The problem the administration has is the American people have seen a series of elections in Iraq. They know Iraq can have elections now. They've sort of pocketed that part of it, and it just essentially returns folks, I think, to this--to what is a more bottom-line question for Americans, which is: When are the casualties going to come down? And when are we going to see some troops start to come out?

HANSEN: What's the story with the Democrats? I mean, Nancy Pelosi, Howard Dean, very critical of the president's Iraq policies. Senator Joseph Lieberman, very supportive.

Mr. McMANUS: And what is going on there is Democrats are being Democrats. It's very tough for a party in opposition to congeal around a unified position, especially on an issue as difficult, as divisive, as tough to crack as this one on Iraq. This round of recriminations and debate among Democrats, of course, was kicked off a couple of weeks ago when Congressman John Murtha, of Pennsylvania, the ex-Marine, got up and emotionally said, `This war isn't working anymore. I'm getting off the bus.'

Senator Lieberman, a moderate-to-conservative Democrat, wasn't comfortable with that. Nancy Pelosi, the House Democratic leader, after a little bit of hesitation, came out in support of Congressman Murtha. What you have here, to some Democrats with long memories, is an echo of what happened back in 1968 when Eugene McCarthy was running and the party was split. Interestingly enough--well, what some Democrats wanted to do was simply hang back and let the president and his party wrestle with this war and not get involved. That--they couldn't quite sustain that. The Democrat's campaign leader in the House, Rahm Emanuel, of Illinois, says, `We don't need a unified position. Who needs it?'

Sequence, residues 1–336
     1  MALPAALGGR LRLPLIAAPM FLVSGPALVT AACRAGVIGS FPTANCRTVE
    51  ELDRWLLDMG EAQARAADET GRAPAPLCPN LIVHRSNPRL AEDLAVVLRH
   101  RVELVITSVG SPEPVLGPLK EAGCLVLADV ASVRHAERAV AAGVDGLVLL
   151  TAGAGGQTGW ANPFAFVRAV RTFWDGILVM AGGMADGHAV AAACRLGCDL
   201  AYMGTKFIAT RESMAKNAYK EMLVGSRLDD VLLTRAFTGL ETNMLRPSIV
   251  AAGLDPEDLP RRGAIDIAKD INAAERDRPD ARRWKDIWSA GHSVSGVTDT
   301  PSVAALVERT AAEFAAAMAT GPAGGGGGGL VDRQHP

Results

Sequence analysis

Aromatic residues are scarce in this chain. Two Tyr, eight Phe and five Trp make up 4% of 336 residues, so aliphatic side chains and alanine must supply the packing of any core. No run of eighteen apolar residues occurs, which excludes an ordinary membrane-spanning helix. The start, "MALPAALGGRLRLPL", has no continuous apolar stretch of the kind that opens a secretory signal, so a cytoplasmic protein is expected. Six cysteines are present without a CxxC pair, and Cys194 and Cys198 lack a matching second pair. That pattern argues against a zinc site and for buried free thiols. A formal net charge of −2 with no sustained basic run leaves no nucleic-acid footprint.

HANSEN: Talk a little bit about diplomacy. Secretary of State Condoleezza Rice was in Europe. It was a real delicate trip. She was trying to allay all those concerns about secret CIA prisons in Europe, flying terror suspects through European airports. Was she successful in your opinion?

Mr. McMANUS: Well, if the question was: Could she calm the Europeans down, especially the European governments? Yes, she was quite successfully. She went into a series of meetings with European leaders and foreign ministers, and they all came out saying they were perfectly satisfied by what they had heard from Secretary Rice. But if your question is: Did she explain the current American policy on torture or mistreatment of detainees to the European public or even the American public? I think the answer still has to be no. She took two big tries at clarifying the policy and the questions are still out there, exactly what's permitted and what's not.

HANSEN: The criticism about torture, has it changed at all the administration's stance on John McCain's anti-torture amendment?

Mr. McMANUS: Yes, it has, actually. McCain, as you'll remember, put an amendment on the defense bill to outlaw torture by American personnel. President Bush--the White House initially said he would veto that bill, but the Senate passed that amendment, 90-to-9. The combination of enormous support for that idea in Congress and this foreign pressure has caused the administration to backpedal and they are working very hard to find a compromise with McCain. And that amendment is very likely to pass.

HANSEN: Doyle McManus is the Washington bureau chief for the Los Angeles Times.

Thanks a lot for coming in today, Doyle.

Mr. McMANUS: Thank you, Liane.